What the King of Money Apps can Teach Financial Educators
By Right About Money Staff Report
January 25, 2017
Financial educators would do well to take their cues from Karl Ebert, also known as the King of Financial Apps. Ebert has created more than 450 calculators and online tools and says pretty much all of them strive to help individuals answer four basic questions:
How can I meet my financial needs?
How can I manage my debt?
How does a particular government program work?
How much do I owe in taxes?
“Everyone’s issues may be different, but they all have these common threads,” Ebert, 48, told CNBC. “The interesting part is even when the economy changes, the basic threads remain the same.”
Ebert is anything but a household name. Yet millions have benefited from his products. The CEO and founder of Minneapolis-based KJE Computer Solutions, Ebert has licensed financial tools to more than 10,000 websites and financial institutions, including AARP, American Funds, Bankrate, Navy Federal Credit Union and Thrivent Financial.
From buying a home and calculating what you need to save for your kid’s college education to figuring out the right time to claim social security benefits, Ebert has created a calculator for just about everyone—and in so doing advanced financial literacy among everyday folks around the globe.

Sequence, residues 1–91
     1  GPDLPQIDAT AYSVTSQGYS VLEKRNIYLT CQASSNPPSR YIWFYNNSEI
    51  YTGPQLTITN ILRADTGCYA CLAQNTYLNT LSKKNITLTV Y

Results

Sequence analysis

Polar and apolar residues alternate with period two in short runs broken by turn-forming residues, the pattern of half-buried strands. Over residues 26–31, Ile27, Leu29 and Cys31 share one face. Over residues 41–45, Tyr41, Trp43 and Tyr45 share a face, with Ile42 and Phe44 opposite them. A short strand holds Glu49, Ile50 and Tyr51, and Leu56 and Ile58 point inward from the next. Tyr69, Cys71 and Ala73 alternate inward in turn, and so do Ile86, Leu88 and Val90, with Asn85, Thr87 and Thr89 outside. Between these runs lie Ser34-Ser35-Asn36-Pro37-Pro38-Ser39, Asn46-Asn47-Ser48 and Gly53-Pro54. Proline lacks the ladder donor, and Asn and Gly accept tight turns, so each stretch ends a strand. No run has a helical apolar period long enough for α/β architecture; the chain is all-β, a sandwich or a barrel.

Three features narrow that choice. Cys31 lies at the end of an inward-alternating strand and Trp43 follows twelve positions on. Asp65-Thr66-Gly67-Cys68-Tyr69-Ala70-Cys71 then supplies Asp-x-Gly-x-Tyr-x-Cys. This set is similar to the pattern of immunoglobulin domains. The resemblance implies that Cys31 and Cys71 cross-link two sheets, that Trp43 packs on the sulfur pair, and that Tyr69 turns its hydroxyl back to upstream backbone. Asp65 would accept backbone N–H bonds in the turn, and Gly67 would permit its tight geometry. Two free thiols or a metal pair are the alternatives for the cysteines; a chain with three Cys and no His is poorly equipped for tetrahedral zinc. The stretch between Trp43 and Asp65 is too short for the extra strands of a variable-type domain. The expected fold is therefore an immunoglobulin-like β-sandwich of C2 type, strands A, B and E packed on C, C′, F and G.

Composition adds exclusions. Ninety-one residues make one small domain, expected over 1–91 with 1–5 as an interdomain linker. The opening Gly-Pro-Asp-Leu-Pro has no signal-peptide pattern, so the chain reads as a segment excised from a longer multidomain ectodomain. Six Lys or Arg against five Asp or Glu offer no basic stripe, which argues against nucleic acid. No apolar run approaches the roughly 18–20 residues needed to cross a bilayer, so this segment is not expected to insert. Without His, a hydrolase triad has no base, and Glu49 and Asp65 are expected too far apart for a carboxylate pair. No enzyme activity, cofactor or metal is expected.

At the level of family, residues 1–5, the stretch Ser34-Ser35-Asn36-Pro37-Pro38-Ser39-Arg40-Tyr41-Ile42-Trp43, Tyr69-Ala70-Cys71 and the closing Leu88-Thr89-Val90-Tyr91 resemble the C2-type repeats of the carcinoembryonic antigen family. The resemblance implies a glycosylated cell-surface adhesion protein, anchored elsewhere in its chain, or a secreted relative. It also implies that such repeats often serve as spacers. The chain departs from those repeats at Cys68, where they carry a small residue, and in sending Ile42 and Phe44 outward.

Ebert’s most popular calculator is one that generates an amortization schedule for a mortgage. His personal favorite is a retirement planner that provides one solid estimate and asks users to enter only eight numbers. You can find those and more on his website Dinkytown.net.
Ebert’s tools make personal finance easier, if not easy, for ordinary people. For those in the financial literacy game, his four guiding questions suggest the value of keeping things simple and focused. Yet even this do-it-yourselfer understands that calculators and online tools have their limits—and that sometimes no matter how much you know about money you need to ask a pro.
“Financial calculators can give users a good ballpark answer,” he says. “When they want all the pieces lined up in the puzzle of financial planning, they should bring in a professional.” That too is a financial lesson worth sharing.